I also listened to Hilary Mantel talking about reading negative reviews and the possibility of work being misunderstood. I like her pragmatic approach to such occurrences. She is basically of the mind that so long as the reviewer gets the basics of the book right in the review, they are entitled to their critical opinion of the work, however negative. as for being misunderstood, she quite beautifully answers that one by stating that ‘you can’t staple yourself to the book’ and explain it. to each and every reader. To her mind, and I am paraphrasing from her responses in The Writing Life audio, you put the book out in the world and have to take the rough with the smooth.
To be honest, I’m looking forward to seeing what folk think of my first collection of short fiction. Good or bad. But hopefully, y’know, good. And as and when the bad ones come along, I’ll take some solace in the ever wise words of one of the truly great writers who took his own fair share of critical knocks:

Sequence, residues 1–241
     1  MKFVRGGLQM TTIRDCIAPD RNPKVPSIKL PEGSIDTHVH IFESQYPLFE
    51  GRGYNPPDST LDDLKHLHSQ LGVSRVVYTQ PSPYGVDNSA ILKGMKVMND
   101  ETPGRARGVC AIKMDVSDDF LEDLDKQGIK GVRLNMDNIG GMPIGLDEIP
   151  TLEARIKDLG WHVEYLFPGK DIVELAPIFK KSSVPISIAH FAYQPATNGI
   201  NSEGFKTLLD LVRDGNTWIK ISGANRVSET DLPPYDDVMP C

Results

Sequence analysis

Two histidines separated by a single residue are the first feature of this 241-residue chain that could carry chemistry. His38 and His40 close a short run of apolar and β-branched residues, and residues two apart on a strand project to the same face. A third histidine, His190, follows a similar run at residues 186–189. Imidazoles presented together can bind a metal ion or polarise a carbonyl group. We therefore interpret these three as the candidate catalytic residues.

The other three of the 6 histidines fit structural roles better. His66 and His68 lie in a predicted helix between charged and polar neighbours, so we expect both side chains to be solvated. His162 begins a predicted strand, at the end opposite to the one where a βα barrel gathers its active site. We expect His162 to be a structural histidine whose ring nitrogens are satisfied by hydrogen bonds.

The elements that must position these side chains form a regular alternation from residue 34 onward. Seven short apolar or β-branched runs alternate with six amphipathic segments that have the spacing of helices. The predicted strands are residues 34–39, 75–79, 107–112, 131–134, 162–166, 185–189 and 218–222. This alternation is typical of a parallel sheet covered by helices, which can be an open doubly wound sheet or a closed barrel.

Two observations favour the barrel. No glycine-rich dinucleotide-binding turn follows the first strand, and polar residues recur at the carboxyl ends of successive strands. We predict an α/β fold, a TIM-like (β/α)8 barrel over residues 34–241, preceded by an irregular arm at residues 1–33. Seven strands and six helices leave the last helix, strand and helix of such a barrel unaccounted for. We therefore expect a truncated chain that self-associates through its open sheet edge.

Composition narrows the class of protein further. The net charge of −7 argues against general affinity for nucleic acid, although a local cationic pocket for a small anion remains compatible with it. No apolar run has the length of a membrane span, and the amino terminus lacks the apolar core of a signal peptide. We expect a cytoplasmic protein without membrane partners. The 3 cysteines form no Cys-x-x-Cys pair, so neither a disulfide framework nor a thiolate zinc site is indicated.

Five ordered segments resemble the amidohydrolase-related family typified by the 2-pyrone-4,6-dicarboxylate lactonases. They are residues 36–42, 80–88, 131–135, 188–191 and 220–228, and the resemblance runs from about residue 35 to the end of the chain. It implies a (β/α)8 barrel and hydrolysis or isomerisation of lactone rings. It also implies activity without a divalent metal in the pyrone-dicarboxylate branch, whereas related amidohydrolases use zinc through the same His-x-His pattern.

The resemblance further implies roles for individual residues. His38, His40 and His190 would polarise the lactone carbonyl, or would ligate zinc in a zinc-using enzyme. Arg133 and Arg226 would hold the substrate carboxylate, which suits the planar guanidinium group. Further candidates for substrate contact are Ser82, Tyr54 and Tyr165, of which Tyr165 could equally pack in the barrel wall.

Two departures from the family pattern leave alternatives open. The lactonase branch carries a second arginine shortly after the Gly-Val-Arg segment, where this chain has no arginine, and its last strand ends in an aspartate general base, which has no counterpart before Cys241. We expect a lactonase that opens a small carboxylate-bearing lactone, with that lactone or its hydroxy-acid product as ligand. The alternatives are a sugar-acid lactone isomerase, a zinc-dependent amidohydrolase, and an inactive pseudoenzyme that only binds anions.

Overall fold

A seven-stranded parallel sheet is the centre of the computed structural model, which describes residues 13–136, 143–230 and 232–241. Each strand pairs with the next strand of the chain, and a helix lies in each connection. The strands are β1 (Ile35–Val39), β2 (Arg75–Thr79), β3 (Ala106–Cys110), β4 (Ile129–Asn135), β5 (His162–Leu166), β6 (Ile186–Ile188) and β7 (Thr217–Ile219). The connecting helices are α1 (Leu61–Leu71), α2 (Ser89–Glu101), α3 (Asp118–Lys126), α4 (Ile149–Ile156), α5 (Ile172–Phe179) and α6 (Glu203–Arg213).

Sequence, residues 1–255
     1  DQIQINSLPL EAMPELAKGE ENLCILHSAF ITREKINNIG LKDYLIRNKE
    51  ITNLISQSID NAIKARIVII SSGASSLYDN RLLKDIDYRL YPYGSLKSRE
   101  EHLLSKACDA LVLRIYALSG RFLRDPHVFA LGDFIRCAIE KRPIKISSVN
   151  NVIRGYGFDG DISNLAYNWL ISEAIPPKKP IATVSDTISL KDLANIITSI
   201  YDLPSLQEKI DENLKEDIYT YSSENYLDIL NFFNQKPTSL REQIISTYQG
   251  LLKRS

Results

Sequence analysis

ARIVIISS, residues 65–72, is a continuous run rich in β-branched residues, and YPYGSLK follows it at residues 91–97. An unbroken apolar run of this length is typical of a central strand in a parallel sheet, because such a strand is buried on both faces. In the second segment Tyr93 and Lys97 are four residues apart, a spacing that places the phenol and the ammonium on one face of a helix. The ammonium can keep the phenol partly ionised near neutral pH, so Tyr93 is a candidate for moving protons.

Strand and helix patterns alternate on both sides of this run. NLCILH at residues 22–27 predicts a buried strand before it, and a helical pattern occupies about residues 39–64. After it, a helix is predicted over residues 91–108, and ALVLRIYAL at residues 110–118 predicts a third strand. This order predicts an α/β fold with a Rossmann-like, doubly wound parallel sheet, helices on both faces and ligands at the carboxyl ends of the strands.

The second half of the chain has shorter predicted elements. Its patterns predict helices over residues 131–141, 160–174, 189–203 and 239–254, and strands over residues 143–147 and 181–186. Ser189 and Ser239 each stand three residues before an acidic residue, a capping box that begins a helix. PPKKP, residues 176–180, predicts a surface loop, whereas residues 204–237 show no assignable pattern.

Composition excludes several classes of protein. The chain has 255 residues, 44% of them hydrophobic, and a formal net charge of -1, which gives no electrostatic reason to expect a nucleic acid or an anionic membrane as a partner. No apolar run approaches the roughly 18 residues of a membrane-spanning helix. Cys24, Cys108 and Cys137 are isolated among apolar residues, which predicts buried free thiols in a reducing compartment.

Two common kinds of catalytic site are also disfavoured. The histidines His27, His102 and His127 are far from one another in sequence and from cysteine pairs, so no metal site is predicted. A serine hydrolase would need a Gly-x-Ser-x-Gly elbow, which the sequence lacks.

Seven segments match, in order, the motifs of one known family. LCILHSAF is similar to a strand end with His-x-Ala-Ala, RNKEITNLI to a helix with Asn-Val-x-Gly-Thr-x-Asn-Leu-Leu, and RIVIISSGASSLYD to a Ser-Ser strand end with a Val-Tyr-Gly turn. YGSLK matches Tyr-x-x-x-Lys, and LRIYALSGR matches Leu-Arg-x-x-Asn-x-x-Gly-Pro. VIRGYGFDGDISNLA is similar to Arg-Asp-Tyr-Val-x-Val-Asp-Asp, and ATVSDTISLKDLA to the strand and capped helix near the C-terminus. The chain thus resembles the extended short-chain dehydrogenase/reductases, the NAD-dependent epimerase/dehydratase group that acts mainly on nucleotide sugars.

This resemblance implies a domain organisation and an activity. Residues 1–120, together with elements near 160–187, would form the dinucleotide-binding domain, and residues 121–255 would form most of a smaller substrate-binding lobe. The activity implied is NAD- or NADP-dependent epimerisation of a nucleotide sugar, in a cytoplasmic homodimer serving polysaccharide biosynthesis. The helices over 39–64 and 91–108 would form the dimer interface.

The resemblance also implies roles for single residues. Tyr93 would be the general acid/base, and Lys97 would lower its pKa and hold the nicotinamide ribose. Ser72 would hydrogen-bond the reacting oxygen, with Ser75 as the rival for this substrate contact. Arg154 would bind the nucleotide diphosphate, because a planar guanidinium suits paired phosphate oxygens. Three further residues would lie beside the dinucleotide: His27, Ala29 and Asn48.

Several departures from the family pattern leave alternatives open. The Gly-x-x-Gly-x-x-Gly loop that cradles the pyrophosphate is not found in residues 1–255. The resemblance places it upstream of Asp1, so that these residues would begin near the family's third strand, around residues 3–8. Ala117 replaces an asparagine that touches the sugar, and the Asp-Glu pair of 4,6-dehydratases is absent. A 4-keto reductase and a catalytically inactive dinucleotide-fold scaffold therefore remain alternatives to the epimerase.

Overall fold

‘Any reviewer who expresses rage and loathing for a novel is preposterous. He or she is like a person who has put on full armor and attacked a hot fudge sundae.’ – Kurt Vonnegut
What do you think? Are negative reviews necessary?
10 Responses to Bad reviews. Can they be a good thing?